San Benito, Napa and Solano counties opened up with state blessings. Deeply red Sutter and Yuba counties had defiantly jumped their guns in early May by declaring all local shops open for barbering. The previous statewide stay-at-home order had triggered 400-mile trips from San Francisco and across state lines.

On Friday Governor Gavin Newsom announced that Los Angeles County, a virus epicenter with nearly half of California’s confirmed COVID-19 cases, is cleared to join the 47 of California’s 58 counties already authorized to begin snipping and coloring. He responded to a request for a variance from the Los Angeles County Board of Supervisors.

Some Bay Area and other Northern California counties are not poised to open up salons and barbering – Alameda, Contra Costa, San Mateo, Santa Clara, Santa Cruz and Marin counties have not yet moved into the second stage that would support the beginning of their reopening. San Francisco has a reopening plan that differs from the state’s and so far delays haircut plans until July 13.
 


“We want to make sure that clients and our families and that people who work in our industry are safe.”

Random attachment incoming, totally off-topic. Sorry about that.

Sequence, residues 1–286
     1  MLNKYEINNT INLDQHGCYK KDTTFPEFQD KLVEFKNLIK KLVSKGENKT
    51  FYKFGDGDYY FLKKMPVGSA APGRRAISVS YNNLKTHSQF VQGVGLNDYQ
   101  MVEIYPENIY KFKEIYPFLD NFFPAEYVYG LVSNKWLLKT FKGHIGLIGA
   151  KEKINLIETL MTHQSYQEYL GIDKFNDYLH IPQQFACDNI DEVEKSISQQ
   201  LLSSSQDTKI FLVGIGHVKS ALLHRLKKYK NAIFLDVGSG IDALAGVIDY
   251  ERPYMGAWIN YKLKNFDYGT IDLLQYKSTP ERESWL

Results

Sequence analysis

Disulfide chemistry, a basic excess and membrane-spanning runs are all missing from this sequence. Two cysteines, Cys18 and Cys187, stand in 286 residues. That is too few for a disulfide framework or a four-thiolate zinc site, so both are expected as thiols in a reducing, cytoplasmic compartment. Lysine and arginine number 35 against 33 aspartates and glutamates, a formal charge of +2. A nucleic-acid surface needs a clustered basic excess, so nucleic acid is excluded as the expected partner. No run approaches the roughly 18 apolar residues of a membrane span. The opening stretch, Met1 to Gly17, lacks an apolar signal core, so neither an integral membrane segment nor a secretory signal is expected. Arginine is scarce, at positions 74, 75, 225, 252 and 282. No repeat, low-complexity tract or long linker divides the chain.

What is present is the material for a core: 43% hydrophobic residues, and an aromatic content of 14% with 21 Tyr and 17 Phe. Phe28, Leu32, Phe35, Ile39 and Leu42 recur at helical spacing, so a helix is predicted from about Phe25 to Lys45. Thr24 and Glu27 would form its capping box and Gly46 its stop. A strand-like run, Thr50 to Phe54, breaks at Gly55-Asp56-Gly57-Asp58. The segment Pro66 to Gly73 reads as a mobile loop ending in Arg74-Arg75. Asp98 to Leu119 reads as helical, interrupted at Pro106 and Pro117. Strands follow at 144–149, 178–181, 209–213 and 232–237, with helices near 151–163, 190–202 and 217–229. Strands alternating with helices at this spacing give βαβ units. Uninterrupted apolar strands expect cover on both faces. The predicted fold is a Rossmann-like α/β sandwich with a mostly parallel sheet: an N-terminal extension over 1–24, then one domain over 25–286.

Stylists concerned about their physical and financial health have struggled to figure out a way forward, survive financially and reopen safely. Paul Bellantoni is an independent operator at Crop Salon in the Highland Park neighborhood of Los Angeles. Crop boasts a chill atmosphere and organic products.

He’s a popular stylist with a reputation for knowing how to “cut with the curl” on wavy hair, while he streams Talking Heads and Tori Amos on his laptop. He also knows a thing or three about the hustle involved in the beauty industry—until recently he commuted monthly to a salon in Florida (where he began his styling career), has worked in the film industry and continually attends training to advance his skills. He calls himself a stickler on sanitation.

Bellantoni is prepared to open this coming week after Newsom’s Friday announcement. Even prior to that he had been cleaning up the shop in anticipation of a go date. “I have done my prep. I have my guidelines. We set up the space to regulation.” He and his colleagues have undergone COVID safety training. Clients will come in one at a time, wait outside until a text exchange says it’s safe to come in.
 


“You can worry about money until the day is done. But then that’s an ethical decision that you have to make.”